And here’s one of them:
I mean seriously. Australia?
It kind of reminds me of this:
Except, that second one was the Weekly World News, from back in 1995. For all you kids out there, the Weekly World News wasn’t really a newspaper (and, today, isn’t really a news website). Rather, it was/is a very funny absurd fictional tabloid that satirically skewered sensationalist news reporting and the world of the paranormal alike. It was The Onion for the especially naive. It was almost entirely unbelievable, and yet written in a way that made the implausible very nearly sound plausible. And that was the point.
We knew it was fiction — I mean, headlines like “Fat Cat Owns 23 Old Ladies” and “Second Pope Under Pope Hat” kind of gave the game away. But it was written in exactly that tabloid style typically used to whip up hysteria among the easily whipped up. It was pre-Internet clickbait. The idea that some schmo might actually fall for this stuff was deliberately titillating. It was as thought-provoking as it was amusing.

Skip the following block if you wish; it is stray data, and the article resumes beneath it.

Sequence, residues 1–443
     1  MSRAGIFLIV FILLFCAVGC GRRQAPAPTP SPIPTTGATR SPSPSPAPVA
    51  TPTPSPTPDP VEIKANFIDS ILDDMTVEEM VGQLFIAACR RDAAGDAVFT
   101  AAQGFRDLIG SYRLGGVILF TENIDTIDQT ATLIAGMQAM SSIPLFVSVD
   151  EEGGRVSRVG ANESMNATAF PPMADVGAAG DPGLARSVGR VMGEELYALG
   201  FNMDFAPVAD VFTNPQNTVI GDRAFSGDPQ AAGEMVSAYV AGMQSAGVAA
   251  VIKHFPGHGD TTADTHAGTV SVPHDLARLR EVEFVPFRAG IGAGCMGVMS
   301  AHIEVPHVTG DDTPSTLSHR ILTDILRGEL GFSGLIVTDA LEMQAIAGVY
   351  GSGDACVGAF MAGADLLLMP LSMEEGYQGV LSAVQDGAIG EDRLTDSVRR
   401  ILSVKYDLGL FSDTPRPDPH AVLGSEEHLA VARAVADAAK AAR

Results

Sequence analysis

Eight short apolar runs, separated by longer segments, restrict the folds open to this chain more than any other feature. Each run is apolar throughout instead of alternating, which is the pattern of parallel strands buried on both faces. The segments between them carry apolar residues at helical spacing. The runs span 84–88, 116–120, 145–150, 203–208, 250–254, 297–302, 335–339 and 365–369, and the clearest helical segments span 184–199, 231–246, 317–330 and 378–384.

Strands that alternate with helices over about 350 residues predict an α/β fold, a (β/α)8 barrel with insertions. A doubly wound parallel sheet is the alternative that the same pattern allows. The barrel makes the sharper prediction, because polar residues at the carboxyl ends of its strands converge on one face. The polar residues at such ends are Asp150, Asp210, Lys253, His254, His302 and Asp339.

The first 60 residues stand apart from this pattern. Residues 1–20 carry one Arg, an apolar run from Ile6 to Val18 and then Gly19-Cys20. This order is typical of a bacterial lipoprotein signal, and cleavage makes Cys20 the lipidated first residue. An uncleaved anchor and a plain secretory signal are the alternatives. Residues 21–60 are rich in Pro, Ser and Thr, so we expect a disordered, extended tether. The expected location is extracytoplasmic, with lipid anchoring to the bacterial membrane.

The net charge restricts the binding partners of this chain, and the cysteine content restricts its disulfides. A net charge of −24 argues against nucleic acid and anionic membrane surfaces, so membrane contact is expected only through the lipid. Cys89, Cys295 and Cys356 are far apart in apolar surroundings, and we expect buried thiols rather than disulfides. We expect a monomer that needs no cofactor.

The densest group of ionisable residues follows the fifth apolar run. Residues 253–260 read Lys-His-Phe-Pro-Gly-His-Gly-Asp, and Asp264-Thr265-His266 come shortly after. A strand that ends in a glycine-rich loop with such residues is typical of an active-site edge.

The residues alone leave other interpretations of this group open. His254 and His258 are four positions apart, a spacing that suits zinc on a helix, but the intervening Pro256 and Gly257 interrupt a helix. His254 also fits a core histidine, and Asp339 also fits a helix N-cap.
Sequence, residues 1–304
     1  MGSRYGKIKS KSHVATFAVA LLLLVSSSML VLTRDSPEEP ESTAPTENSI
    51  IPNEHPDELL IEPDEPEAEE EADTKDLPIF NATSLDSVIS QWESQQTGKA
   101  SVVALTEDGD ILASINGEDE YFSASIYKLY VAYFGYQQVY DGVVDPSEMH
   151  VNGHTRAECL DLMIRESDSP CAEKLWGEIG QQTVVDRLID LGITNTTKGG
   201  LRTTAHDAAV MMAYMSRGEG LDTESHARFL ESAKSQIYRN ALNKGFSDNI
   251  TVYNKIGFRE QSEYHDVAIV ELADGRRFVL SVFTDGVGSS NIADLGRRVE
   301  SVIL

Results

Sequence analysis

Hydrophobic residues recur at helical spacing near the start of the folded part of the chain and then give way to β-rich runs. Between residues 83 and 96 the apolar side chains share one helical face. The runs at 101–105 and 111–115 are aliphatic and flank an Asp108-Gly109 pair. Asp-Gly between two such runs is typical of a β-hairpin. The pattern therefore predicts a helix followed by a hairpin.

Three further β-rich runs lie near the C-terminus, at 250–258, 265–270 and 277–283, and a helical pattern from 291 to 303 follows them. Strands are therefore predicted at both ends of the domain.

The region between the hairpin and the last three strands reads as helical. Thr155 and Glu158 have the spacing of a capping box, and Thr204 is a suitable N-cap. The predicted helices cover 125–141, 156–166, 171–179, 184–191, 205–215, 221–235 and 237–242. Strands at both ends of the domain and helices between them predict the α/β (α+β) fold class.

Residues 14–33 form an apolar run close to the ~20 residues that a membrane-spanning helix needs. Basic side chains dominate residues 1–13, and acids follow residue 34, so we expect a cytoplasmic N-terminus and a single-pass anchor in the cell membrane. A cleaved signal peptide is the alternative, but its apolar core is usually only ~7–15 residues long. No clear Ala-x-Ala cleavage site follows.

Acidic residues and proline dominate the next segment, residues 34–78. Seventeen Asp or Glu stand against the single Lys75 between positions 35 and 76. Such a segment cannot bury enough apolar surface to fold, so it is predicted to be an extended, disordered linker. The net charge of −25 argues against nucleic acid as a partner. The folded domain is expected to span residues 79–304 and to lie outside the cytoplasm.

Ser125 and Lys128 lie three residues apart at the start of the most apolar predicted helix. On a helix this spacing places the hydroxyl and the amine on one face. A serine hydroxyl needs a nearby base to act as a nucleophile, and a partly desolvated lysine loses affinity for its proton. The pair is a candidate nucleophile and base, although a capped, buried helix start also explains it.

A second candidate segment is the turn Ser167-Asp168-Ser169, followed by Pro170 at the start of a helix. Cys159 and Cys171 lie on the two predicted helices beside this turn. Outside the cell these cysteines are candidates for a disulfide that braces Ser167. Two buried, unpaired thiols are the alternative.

Today’s Loch Ness story, however, is from the Daily Mail‘s mainstream Science & Tech section. It ain’t satire. It sits alongside news stories about those 800,000-year-old footprints found near Norfolk, a new theory on why your fingers wrinkle in the bath, and a piece on how palaeozoologists are trying to established how dinosaurs moved by attaching tails to chickens. (Yep, I know that last one sounds dubious, but it’s actually straight-up serious science.)
This actual news story in an entirely non-satirical outlet contextualises Dead Nessie by falling back on hearsay, with the technically accurate intro “Reports are coming in…” Because they are. No doubt genuinely, some people are actually reporting this. And, so off we go, let’s stick this clickbait in the Science section.
Just as I am doing here, I now realise…
Brian Hughes is an academic psychologist and university professor in Galway, Ireland, specialising in stress, health, and the application of psychology to social issues. He writes widely on the psychology of empiricism and of empirically disputable claims, especially as they pertain to science, health, medicine, and politics.